We need to figure out where we want to take this to. There are a lot of things to be done. I think the region has a lot of uniqueness: Great learning institutions, a great environment to live in, great history. You know, Laurier, University of Waterloo, Guelph – they are great standalone universities. How do we get them together? How do we get public and private companies together?

You know, [OpenText Chairman] Tom Jenkins is a great guy. I’d like to see him, Jim Balsillie, Mike Lazaridis put their history and egos aside and see what we can do for the next generation.

Q – In 10 years, what will Columbia Street look like?

A - I’m still trying to identify with what direction I’m going in. The buildings today are all different. You have modern buildings, you have some 1980s architecture. There’s a water table issue. I have to understand that the University of Waterloo is going to do some interesting things in their area. What happens will depend on how we all co-ordinate. I’d like to create a template with, you know, having H&M sitting out front, and Ikea and Boston Pizza and Wahlbergers and some cool places people can go, like some Irish pubs and some residences for the middle class, not just student residents. It’s going to be an area that has a social focus, an area of health, bike paths.

This all depends on the kind of concessions I can get from government. But, create some green areas. Take what’s there now, the parking lots and old buildings, and change it.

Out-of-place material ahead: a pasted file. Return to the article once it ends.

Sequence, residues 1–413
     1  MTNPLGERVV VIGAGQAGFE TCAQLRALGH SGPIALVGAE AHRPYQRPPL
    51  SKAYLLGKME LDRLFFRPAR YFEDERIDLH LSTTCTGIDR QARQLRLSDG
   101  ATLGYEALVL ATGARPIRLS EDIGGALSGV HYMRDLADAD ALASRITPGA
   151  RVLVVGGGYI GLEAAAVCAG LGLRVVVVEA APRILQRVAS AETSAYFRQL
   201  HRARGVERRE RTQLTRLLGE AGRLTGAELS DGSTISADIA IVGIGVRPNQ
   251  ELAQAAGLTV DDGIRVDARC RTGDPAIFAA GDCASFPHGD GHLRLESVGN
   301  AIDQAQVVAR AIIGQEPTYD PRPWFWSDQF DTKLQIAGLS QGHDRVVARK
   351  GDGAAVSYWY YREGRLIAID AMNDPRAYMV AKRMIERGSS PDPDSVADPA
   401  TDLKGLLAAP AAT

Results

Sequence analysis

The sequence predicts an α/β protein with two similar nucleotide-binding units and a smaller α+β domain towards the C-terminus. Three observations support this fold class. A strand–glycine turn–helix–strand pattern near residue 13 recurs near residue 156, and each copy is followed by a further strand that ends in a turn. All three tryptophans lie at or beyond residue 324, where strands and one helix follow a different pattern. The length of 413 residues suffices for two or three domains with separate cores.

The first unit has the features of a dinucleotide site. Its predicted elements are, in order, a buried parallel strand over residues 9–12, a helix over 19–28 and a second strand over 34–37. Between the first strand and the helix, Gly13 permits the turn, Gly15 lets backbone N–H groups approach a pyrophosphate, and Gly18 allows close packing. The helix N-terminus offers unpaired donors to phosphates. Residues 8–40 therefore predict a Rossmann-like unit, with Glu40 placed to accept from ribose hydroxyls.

I’m willing to put a lot more money into it. I, hopefully, am getting some people involved from Toronto, and some people from Waterloo Region. Waterloo has kind of been left behind since BlackBerry took its stumble. And it’s funny, because people say, “What about BlackBerry’s credit?” And you know, they have better credit still than a lot of companies I see in Canada. I love the Passport. The thing is perfect.

Q – We’re known to be more conservative (than some other tech towns). What do we have to do to let this change happen? 

A - Oh yeah, you have to embrace change. The world of computers is taking place and you have to make sure you stay with it. You either downsize to be sustainable or move into the next era.

If you don’t want change, no problem. Let it go by you. But don’t be in the way of it.


We’re focused on Oktoberfest, Techtoberfest and #Wektoberfest this week, but there are some other great events to keep you busy. I see and hear that… starting this week, Dani Stock is teaching Vinyasa Flow Yoga for the Tech Community, every Tuesday evening at 6 p.m. at the Critical Media Lab at 44 Gaukel St. in Kitchener, beside the Grand River Transit terminal. The classes are free, but registration is required… Women Who Code Waterloo is taking over the Square Canada office this Wednesday, Oct. 15. The evening is a chance for you to work on a current project and meet other coders. Registration is required, and dinner will be provided. The evening starts at 7 p.m. in the Square office, on the 11th floor of 305 King St. W., Kitchener…. Did you miss out on getting tickets to Communitech’s sold-out Techtoberfest? We’d still like to see you. Join us for an evening of networking and music at the first ever Startups & Steins on Thursday, Oct. 16. Join us at 5:30 p.m. in Cork Hall at McCabe’s Irish Pub, 352 King St. W in Kitchener. No registration is required, and all are welcome…. There’s a big rig rolling into town this Friday, Oct. 17. Visit the kitted-out tractor-trailer parked at the Kitchener Auditorium to attend the Atmel Tech on Tour workshops. Atmel will be showcasing the latest in microcontrollers, sensors, security and wireless technology.